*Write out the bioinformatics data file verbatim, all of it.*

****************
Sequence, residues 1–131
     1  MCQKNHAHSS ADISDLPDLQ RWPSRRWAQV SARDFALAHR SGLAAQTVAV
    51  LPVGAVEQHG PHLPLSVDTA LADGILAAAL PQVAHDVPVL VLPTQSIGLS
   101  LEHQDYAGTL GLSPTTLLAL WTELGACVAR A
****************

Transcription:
Sequence, residues 1–131
     1  MCQKNHAHSS ADISDLPDLQ RWPSRRWAQV SARDFALAHR SGLAAQTVAV
    51  LPVGAVEQHG PHLPLSVDTA LADGILAAAL PQVAHDVPVL VLPTQSIGLS
   101  LEHQDYAGTL GLSPTTLLAL WTELGACVAR A